A recent survey suggested that direct mail marketing was favored by the public compared to other formats of direct marketing, according to Marketing Week. The latest Marketing-GAP report, produced by research agency Fast.MaP, revealed widespread public resistance to any format of direct marketing beyond mail and email. Additionally, the studies showed that coupons and personally-addressed communications remained effective incentives to get consumers to open mailers and read messages.
Only 6 percent of survey respondents revealed that they were happy to receive direct marketing messages via telephone, text message or social media. On the flip side, 38 percent were happy to receive physical direct mail, especially from local businesses and supermarkets. Overall, email and direct mail were considered acceptable and even welcome channels of marketing communications.
“With both [direct mail and email], you pick and choose when to interact,” David Cole, managing director of Fast.MAP, told the news source. “You can have filters on email and screen the junk, for example, and you feel far more in control. With mail, you can open it in a time and a place that’s convenient for you. But a text comes through and demands immediate attention. For a company to be contacting you on that personal device is overstepping the boundary in some cases.”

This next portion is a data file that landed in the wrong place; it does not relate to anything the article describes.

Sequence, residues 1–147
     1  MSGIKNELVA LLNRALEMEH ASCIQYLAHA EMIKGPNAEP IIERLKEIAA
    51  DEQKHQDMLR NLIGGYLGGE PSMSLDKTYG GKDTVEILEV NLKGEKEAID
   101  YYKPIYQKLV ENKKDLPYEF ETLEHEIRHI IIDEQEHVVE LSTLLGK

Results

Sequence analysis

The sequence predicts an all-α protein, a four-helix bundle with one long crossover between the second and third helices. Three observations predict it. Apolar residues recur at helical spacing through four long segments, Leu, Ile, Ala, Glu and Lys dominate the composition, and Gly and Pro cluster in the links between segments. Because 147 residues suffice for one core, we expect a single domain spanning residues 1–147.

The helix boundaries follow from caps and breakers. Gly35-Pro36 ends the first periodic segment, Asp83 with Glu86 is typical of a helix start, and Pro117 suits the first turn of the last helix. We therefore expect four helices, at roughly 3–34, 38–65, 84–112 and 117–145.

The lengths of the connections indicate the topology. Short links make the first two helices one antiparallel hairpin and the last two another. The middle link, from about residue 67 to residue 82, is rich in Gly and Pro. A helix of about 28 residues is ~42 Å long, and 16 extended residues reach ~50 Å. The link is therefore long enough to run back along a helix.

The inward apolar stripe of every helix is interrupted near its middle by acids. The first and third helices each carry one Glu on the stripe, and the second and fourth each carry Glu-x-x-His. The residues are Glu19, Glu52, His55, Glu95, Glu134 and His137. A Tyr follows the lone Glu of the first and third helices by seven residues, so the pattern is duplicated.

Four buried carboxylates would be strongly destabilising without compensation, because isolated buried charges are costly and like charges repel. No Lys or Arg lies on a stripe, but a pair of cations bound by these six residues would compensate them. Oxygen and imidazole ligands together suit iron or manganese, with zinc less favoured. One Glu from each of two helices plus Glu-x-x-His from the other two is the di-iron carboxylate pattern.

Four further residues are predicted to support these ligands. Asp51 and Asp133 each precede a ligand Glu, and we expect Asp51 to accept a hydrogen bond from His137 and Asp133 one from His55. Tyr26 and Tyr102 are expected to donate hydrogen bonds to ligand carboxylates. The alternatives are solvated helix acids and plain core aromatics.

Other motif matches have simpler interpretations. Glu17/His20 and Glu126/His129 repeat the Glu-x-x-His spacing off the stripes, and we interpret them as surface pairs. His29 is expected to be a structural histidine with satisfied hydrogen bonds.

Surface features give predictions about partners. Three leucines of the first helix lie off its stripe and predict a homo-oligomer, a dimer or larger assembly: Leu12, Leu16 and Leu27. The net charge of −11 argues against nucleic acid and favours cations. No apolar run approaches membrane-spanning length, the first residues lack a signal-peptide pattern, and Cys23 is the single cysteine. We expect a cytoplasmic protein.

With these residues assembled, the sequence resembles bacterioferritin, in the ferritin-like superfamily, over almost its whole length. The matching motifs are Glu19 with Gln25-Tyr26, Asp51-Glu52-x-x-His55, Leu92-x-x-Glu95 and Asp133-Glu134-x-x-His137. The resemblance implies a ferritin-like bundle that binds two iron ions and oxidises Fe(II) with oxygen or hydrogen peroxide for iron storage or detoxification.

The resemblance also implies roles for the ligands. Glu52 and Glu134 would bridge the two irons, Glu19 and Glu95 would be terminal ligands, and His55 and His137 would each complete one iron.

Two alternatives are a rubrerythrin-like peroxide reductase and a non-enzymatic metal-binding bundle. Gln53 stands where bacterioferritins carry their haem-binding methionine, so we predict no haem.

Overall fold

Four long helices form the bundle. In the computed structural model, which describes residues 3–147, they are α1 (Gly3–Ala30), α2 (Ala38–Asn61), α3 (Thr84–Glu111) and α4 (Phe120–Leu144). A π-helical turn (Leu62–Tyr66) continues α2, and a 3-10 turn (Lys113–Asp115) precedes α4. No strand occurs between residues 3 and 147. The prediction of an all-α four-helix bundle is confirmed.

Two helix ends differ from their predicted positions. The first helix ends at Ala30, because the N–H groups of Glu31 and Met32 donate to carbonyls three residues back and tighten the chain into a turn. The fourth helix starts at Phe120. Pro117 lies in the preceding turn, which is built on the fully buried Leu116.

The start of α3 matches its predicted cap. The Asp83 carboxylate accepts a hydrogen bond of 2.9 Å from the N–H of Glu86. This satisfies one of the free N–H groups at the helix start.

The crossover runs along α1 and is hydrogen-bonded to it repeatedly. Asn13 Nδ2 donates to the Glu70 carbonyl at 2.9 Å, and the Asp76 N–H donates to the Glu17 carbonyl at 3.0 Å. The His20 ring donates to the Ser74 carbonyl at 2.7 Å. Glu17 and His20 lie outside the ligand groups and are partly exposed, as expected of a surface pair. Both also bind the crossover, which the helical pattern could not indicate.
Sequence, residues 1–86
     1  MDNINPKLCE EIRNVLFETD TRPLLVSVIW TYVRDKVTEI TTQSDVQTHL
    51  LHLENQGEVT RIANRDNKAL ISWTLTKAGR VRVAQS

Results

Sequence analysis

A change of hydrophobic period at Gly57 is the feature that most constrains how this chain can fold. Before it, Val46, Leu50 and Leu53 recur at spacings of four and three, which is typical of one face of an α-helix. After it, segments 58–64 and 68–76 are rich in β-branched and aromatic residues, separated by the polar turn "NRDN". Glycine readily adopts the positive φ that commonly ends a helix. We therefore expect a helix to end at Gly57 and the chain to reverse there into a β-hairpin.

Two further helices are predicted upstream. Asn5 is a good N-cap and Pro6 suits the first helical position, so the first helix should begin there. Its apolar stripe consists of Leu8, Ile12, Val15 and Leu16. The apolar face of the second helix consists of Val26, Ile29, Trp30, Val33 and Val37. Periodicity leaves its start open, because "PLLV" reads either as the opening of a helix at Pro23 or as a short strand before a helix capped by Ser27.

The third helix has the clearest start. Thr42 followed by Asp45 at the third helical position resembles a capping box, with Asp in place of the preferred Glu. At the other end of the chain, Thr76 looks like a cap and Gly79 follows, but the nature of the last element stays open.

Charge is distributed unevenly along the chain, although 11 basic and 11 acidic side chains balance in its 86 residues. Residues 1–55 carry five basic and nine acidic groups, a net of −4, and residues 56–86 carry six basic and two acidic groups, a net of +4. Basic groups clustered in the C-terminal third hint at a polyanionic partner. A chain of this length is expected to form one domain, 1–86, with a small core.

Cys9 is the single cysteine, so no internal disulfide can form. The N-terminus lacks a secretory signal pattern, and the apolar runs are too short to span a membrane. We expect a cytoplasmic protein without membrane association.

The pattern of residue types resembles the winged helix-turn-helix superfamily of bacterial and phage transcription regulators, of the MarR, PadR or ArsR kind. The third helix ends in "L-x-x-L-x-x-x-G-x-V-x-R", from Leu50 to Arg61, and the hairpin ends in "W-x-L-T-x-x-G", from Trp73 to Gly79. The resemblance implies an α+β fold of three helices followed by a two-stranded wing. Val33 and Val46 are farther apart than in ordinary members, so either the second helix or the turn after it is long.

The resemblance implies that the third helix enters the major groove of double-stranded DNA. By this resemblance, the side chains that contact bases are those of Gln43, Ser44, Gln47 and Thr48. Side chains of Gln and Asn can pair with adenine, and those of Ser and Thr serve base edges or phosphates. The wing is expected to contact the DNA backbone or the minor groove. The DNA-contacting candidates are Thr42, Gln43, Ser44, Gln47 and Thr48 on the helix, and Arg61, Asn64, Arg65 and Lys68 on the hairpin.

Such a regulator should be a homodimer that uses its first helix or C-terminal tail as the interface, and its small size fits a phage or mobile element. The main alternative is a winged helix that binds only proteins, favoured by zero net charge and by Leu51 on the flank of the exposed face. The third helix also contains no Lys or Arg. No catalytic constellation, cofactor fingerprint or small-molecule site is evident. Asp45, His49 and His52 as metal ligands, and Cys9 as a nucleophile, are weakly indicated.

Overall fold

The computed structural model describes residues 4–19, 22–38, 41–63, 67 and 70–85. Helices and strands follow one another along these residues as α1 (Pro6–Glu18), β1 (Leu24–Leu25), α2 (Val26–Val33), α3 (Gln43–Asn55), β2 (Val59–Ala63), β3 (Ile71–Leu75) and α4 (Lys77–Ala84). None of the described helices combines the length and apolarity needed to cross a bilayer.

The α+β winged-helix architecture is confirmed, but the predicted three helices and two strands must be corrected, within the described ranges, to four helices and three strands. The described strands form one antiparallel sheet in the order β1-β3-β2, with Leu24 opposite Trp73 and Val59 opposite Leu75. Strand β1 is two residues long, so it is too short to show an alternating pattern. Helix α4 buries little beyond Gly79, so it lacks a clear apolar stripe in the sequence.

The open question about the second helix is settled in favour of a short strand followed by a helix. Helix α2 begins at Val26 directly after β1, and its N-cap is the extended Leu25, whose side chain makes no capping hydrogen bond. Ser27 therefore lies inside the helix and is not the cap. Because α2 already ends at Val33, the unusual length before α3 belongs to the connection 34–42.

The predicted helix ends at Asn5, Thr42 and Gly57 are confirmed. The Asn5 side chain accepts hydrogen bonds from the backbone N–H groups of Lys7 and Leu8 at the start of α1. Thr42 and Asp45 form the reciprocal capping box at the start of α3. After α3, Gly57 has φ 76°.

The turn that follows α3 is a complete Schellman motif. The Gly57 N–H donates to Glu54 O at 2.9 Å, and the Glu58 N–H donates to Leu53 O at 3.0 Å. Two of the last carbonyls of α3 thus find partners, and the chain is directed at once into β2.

One aspect of direct mail marketing that has consistently demonstrated high return on investment (ROI) and strong retention and conversion rates is personalization. Direct mail campaigns that speak to individuals instead of the masses tend to be more efficacious in their goals. One way to increase personalization of direct mail pieces is to use variable data printing (VDP). According to Target Marketing Magazine, VDP produces a mass of customized documents via digital print technology. Instead of printing the same message to, companies can use this technology to customize individual messages and designs as they see fit.
“When marketers are able to share specific information with specific individuals…they are able to increase engagement,” Gina Danner, the CEO of Mail Print, told the news source. “Essentially with VDP, marketers make it easier for people to buy.”